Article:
Ichirollins: If Ichiro Journaled Like Henry by Michael T. Fournier

From Get In The Box: On the Road With The Mariners, Yankees and Marlins

By Ichiro Suzuki

Winter 1998:

I was on the Orix Blue Wave. We had fun playing and travelling.

I watched MLB all the time. It was heavy. Guys hitting pitches at a hundred miles per hour. Playing in front of huge crowds. They took no shit. It was like they were from a different planet.

A friend called me. An exhibition was coming to town. All those MLB guys. Did I want in? Of course I said yes. I was unbelievably excited. The night before I couldn’t sleep. I tossed and turned all night, thinking about being on the same field as players from the mighty MLB.

I did okay. I stole seven bases and hit .380. All those guys were so cool. I hung out with Sammy Sosa and Jamie Moyer. They were friendly and told me stories about life on the road. What a trip.

After the exhibition series, I remember their plane leaving the tarmac and wanting to be in it. I was amazed by how they’d come in, play ball, and fly to the next city to do it again.

After I played against the MLB guys, I knew there was a lot more of the world out there and I was never going to see any of it. I saw my whole life in front of me, playing in the same towns.  Life was kicking my ass. Those guys, playing in America and Canada, they had guts. I wanted what they had.

When I got a chance to go to Seattle, I took it. I would be playing for the Mariners. I sold my house and my car and got on a plane. I started keeping this journal:

4/2/2001. Seattle WA. Got my first MLB hit today. Feels good to get it out of the way.

4/10/2001. Oakland CA. We started playing in and there were about eight thousand people there at most. It made me mad, but I played anyway. After the game, Edgar Martinez took me into the parking lot and straightened me out. He said even though there weren’t many people there, they came to see you and it’s not their fault no one else came. And that you should play your guts out no matter what city the game is in. I learned a lot from Edgar.

4/11/2001. Oakland CA. Terrance Long sure talks a lot of shit. He thought he could run on me. I threw him out at third. As I ran back to the dugout I asked how it felt to be slow. That was a good one.

11/2/2001. Seattle WA. They named me rookie of the year and MVP. The first player to do that since Fred Lynn in 1975. Everyone wants to talk to me. They smile and look at me with hunger in their eyes and ask me for a piece of my flesh. I don’t want to talk to any of them. It’s a waste of time. All that matters is the game. All that matters is playing. If I keep that in mind I’ll be fine.

I did press today. Someone from Sports Illustrated asked me why I’m so heavy. I tried to explain the way I see things. I guess it didn’t work. The world is cold and no one understands me.

10/1/2004. Seattle WA. Broke George Sisler’s record today. 258 hits in a season. I want to do the Ichiro Hot 200: ten years in a row with 200 or more hits. I want to become the most efficient hitting machine possible. I want to incinerate all the pitchers and their weak excuses for fastballs.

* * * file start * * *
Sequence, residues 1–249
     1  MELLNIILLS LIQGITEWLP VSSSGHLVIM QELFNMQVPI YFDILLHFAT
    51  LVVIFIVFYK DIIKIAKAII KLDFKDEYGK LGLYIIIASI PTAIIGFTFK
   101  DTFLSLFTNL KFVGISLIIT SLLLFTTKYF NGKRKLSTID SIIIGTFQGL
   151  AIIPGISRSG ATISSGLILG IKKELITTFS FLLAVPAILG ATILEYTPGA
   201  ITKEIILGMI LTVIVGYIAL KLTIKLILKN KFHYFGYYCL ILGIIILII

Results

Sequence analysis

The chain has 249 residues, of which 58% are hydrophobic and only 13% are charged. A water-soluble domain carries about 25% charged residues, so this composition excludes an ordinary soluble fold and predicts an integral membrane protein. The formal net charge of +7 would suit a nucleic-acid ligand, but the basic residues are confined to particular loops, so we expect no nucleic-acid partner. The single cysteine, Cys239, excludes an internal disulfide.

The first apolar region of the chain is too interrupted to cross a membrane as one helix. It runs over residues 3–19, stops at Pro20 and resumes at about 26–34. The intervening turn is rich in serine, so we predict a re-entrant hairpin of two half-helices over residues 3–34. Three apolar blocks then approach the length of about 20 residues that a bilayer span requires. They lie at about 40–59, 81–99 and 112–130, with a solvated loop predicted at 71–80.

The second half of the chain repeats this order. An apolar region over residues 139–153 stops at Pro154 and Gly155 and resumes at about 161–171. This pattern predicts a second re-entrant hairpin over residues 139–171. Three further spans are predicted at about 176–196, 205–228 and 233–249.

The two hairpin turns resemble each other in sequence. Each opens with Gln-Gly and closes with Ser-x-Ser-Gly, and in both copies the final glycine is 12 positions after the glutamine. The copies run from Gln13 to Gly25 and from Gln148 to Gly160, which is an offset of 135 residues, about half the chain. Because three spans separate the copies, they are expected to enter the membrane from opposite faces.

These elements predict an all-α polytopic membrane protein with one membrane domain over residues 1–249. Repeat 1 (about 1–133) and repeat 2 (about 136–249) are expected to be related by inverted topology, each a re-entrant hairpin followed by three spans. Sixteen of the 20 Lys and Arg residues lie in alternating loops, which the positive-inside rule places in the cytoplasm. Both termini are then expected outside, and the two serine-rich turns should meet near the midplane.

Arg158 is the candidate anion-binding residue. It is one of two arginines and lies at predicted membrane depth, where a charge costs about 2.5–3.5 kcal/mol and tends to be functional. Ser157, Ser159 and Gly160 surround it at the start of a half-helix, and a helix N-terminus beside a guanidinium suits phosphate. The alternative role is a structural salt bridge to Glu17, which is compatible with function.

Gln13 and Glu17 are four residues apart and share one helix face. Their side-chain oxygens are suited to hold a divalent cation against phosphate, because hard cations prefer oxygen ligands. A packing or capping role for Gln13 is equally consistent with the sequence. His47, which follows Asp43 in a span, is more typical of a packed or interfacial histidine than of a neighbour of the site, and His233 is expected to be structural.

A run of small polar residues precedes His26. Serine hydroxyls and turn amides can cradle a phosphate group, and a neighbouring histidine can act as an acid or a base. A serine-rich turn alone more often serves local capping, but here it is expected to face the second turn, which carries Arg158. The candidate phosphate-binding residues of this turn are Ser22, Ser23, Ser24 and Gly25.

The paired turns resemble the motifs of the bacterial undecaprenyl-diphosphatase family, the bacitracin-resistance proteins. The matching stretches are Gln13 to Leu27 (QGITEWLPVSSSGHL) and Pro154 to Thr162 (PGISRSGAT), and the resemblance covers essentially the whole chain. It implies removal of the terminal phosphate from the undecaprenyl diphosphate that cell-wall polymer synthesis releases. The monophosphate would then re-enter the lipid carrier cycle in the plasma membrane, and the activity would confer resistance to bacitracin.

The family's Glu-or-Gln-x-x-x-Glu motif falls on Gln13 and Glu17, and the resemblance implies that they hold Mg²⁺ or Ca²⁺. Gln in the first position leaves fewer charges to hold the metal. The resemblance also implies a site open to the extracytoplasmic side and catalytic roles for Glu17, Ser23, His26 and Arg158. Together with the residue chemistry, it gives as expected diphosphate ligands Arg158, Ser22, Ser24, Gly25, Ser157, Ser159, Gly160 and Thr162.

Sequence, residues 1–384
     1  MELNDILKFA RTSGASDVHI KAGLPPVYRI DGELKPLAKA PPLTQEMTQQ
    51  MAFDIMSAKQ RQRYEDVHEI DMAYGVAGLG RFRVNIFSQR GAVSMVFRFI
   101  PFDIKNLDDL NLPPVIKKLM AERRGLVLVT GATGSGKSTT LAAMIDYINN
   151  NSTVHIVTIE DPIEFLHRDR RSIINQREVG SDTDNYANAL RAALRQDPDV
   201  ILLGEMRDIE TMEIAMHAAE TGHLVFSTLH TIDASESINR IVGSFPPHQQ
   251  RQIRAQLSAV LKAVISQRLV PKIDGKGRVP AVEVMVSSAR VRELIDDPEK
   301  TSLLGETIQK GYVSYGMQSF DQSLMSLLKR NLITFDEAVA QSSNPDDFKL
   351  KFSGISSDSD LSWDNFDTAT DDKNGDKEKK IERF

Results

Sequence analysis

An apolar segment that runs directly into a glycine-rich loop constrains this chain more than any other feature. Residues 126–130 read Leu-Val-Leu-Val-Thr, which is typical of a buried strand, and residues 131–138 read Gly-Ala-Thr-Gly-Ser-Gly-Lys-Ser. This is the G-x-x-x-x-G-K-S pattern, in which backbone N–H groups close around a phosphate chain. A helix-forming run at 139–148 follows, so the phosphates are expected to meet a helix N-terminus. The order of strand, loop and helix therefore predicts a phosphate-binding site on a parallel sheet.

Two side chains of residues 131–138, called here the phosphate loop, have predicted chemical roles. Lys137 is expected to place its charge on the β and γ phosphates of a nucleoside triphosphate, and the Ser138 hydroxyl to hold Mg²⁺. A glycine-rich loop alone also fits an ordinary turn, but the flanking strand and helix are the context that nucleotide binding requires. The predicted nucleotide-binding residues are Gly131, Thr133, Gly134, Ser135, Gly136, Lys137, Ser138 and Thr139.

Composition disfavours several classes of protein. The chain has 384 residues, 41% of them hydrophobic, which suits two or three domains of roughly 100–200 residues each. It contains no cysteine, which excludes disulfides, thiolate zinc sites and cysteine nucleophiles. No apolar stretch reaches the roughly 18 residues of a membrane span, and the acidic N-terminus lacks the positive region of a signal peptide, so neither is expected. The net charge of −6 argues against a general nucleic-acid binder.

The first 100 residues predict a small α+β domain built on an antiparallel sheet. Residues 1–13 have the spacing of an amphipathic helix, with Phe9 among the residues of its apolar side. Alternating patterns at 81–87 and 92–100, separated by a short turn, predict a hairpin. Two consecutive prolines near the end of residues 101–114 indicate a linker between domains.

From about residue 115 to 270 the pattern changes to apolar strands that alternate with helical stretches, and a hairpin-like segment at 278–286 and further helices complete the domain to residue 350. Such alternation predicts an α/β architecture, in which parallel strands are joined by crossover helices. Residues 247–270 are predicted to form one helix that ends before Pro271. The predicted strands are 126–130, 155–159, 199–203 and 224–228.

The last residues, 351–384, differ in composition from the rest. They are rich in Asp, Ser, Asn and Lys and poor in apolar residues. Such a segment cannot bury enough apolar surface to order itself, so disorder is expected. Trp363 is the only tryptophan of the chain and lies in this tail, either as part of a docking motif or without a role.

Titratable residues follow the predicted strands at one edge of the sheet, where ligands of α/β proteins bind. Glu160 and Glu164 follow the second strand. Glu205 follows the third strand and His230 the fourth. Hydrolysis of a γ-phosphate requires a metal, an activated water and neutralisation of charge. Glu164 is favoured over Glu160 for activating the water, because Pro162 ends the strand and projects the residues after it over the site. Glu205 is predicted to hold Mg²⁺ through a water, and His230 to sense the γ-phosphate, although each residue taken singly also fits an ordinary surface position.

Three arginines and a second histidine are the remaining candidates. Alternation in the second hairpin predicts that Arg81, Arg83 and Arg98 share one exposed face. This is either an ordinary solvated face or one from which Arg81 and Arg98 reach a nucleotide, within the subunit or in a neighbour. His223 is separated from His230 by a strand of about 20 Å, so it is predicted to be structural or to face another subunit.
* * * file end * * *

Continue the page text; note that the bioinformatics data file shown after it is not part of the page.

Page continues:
7/10/2008. Yankee Stadium. At the All-Star Game. Ortiz got everyone together in the clubhouse and told them I had something to say. For the eighth year in a row I told them about how the National League can get fucked. I told them Ben Sheets mows my lawn and pays me a buck and a half an hour to do it because he sucks and should be annihilated.

They all laughed and told me how funny I was. Their ego stroking is a trip. It’s a bunch of lies.

7/27/2012. Boston MA. People here are usually cool but they let me have it. Saying I’m not as good as I used to be because I’m on the Yankees now. If they tried to do this they couldn’t last a day. I’m going to hit the ball and play my ass off.  That’s all there is on this mission. You play and play and don’t think about it too much.

6/15/2016. San Diego CA. Infield single, then a double. Press says that adding my Japanese hits to my MLB hits makes me the all-time hit king. I am part animal, part hitting machine. 

05/03/2018. Seattle WA. My body won’t do what I tell it to. I can see the hits, but my arms won’t move as fast, my legs. I am no longer the man I was. It hurts. The worst part is the lies I have told myself. That I’m just having a phase. A slump. This is a failure of the flesh.

The team wants me to be a special assistant, basically retire from playing. They’re releasing me from the team and signing me as a manager.

I realize that I must keep moving like a river. I can never go home again or be all that I was.  

6/21/2018. Yankee Stadium. Wanted to sit on the bench but apparently special assistants to the chairman aren’t allowed. I put on a pair of sunglasses and a fake moustache. Sat there anyway. What the fuck. Fuck shit up.

Michael T. Fournier is the author of Double Nickels on the Dime (33 1/3), Hidden Wheel and Swing State (both on Three Rooms Press). He's a regular contributor to Razorcake -- America's only nonprofit punk zine -- and his writing has appeared in Maximum Rocknroll, Oxford American, Vice, Pitchfork, Vol. 1 Brooklyn, The RS500, Submerging and more. He's the publisher and of Cabildo Quarterly, a literary broadsheet he co-edits with Maine poet Lisa Panepinto, and he plays drums and write songs for Dead Trend. A lifelong Red Sox fan, Fournier lives on Cape Cod with his wife Rebecca and their cat.

Michael's Blog 
Michael on Twitter: @xfournierx 


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